TC • Media
Victoria Anderson, left, is shown at her home with her daughter Danielle. The Louisbourg woman suffered a stroke in 1997 during a medical procedure. Erin Pottie - Cape Breton Post
SYDNEY — A Nova Scotia Supreme Court justice has ruled that a Halifax doctor was negligent in the standard of care provided to a Louisbourg woman who suffered a stroke and is now trapped inside her body.
Victoria Renata Anderson was 23 when she suffered a stroke in 1997 after doctors attempted to insert a central line in her internal jugular vein.
The procedure failed and Anderson suffered a stroke at the base of her brain, which left her in a state known as locked-in syndrome. While Anderson still maintains cognitive brain function, the only muscles she can voluntarily move are those controlling her eyes, which is her sole source of communication.
In a 102-page decision released Thursday, Justice Cindy Bourgeois ruled that Dr. Shirl Gee, who at the time was a senior medical resident in internal medicine, struck an artery twice while attempting to insert the line into Anderson’s neck. In addition, the judge said the placement of Anderson’s head during the procedure was not in accordance with recognized protocol for such a procedure.
Bourgeois also concluded Gee failed to secure informed consent from Anderson before the procedure.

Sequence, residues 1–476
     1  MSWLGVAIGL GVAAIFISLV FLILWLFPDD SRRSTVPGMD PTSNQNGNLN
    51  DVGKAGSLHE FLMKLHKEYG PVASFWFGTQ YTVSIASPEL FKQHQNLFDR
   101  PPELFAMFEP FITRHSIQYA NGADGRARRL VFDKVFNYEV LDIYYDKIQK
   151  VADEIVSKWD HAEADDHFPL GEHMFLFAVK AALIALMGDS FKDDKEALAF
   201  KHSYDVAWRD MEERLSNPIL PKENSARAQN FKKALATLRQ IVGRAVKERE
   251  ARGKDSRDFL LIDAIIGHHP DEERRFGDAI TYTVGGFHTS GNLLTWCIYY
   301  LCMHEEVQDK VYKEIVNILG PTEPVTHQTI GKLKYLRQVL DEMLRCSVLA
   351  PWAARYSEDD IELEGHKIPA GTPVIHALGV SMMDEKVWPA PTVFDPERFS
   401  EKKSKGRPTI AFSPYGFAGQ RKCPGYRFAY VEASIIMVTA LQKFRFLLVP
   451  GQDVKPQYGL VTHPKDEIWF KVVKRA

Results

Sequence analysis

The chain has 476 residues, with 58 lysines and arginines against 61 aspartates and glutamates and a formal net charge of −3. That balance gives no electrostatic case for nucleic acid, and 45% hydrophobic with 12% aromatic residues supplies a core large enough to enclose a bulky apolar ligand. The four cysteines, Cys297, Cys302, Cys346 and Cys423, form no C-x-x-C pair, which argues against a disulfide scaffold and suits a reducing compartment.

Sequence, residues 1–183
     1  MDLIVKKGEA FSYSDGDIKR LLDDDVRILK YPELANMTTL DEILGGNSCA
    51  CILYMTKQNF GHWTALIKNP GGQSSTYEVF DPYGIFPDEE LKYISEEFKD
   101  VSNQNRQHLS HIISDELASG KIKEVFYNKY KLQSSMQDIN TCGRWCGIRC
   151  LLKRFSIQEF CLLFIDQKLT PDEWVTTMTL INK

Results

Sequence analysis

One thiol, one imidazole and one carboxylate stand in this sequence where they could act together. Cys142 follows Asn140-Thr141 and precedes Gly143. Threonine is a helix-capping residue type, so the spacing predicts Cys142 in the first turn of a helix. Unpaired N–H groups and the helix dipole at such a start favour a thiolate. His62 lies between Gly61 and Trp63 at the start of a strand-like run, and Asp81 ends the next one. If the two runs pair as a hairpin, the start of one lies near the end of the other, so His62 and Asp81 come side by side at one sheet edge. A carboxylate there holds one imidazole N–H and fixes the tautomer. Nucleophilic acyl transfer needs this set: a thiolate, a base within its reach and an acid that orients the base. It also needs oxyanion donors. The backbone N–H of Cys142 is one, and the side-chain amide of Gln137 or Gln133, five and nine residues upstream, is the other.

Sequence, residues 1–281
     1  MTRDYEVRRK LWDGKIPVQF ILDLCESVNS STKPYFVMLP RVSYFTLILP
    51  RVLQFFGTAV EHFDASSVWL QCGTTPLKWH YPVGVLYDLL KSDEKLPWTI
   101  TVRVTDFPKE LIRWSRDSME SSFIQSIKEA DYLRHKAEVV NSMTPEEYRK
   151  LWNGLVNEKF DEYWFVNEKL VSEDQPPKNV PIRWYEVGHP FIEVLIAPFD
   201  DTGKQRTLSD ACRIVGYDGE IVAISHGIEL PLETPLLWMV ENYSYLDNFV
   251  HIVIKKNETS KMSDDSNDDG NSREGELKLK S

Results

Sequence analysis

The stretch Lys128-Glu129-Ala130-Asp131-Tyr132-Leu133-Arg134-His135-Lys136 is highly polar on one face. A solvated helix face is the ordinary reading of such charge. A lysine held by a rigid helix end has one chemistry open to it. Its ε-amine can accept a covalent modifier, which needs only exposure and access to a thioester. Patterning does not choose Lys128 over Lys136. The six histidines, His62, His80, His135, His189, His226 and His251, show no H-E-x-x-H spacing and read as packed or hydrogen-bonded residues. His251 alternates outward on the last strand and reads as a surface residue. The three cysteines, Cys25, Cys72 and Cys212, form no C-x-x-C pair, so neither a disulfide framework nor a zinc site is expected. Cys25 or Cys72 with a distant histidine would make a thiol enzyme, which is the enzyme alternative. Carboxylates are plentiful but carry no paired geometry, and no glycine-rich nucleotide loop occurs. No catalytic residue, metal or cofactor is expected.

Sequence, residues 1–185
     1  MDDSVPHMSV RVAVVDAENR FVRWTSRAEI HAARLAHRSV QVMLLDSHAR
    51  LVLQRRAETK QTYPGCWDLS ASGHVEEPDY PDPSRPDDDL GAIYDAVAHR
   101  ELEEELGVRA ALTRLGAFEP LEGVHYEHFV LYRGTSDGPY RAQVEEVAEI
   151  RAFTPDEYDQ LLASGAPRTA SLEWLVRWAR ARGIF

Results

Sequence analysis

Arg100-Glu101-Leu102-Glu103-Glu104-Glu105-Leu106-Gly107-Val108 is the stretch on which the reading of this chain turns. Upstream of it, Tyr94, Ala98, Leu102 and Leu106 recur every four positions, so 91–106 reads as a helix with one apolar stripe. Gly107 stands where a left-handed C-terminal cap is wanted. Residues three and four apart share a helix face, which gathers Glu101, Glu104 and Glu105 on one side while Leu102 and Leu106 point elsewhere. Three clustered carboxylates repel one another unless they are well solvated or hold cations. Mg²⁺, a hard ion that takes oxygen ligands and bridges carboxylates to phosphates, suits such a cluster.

“In my view, there is sufficient evidence for the court to establish that Dr. Gee’s actions on April 5, 1997, could have caused Ms. Anderson’s stroke,” said Bourgeois.
The suit also named a second doctor, Dr. Sudheer Sharma, who at the time was a junior medical resident. However, Bourgeois dismissed any claim against Sharma, who is now a cardiologist.
“I decline to find that Dr. Sharma fell below the requisite standard of care given the circumstances. I cannot reach the same conclusion with respect to Dr. Gee,” wrote Bourgeois, noting that as the junior resident, Sharma deferred to Gee on how to proceed with treatment.
Anderson was admitted to the QE II Health Sciences Centre in Halifax after being transferred from a Sydney hospital where she was being treated for a flare-up of her chronic bowel disease. At the time, Anderson was busy raising her then two-year-old daughter and planning her wedding, which was scheduled for May of 1997.
Three days before taking a stroke, two other doctors attempted to insert the central line but also failed. On April 5, the line had still not been placed and Sharma and Gee, now an endocrinologist, attempted to do so for 45 minutes but failed. The next day, Anderson was experiencing serious neurological symptoms, which resulted in a stroke.
In her decision, Bourgeois said it was probable Anderson suffered the stroke as a result of arterial punctures.
“I find it probable that the artery punctured was the vertebral artery which prompted the development of a clot. This clot embolized and became lodged in the base of the brain,” said Bourgeois.
Lawyers for the doctors and Anderson, now 38, spent two weeks in January arguing the case before Bourgeois and the trial heard from some nine witnesses.
Anderson’s lawyer Ray Wagner said Thursday he and the family are now cautiously optimistic there will be no appeal filed. Gee’s legal representative has 30 days to file an appeal.
While the decision makes no reference to compensation, Wagner said the cash award is worth several million dollars, which will help support Anderson’s future needs along with those of her family and her daughter.
Anderson testified at the trial with the aid of her caregiver and using a simple letter board. In her decision, Bourgeois said Anderson can spell out words by looking up for “yes” and down for “no.”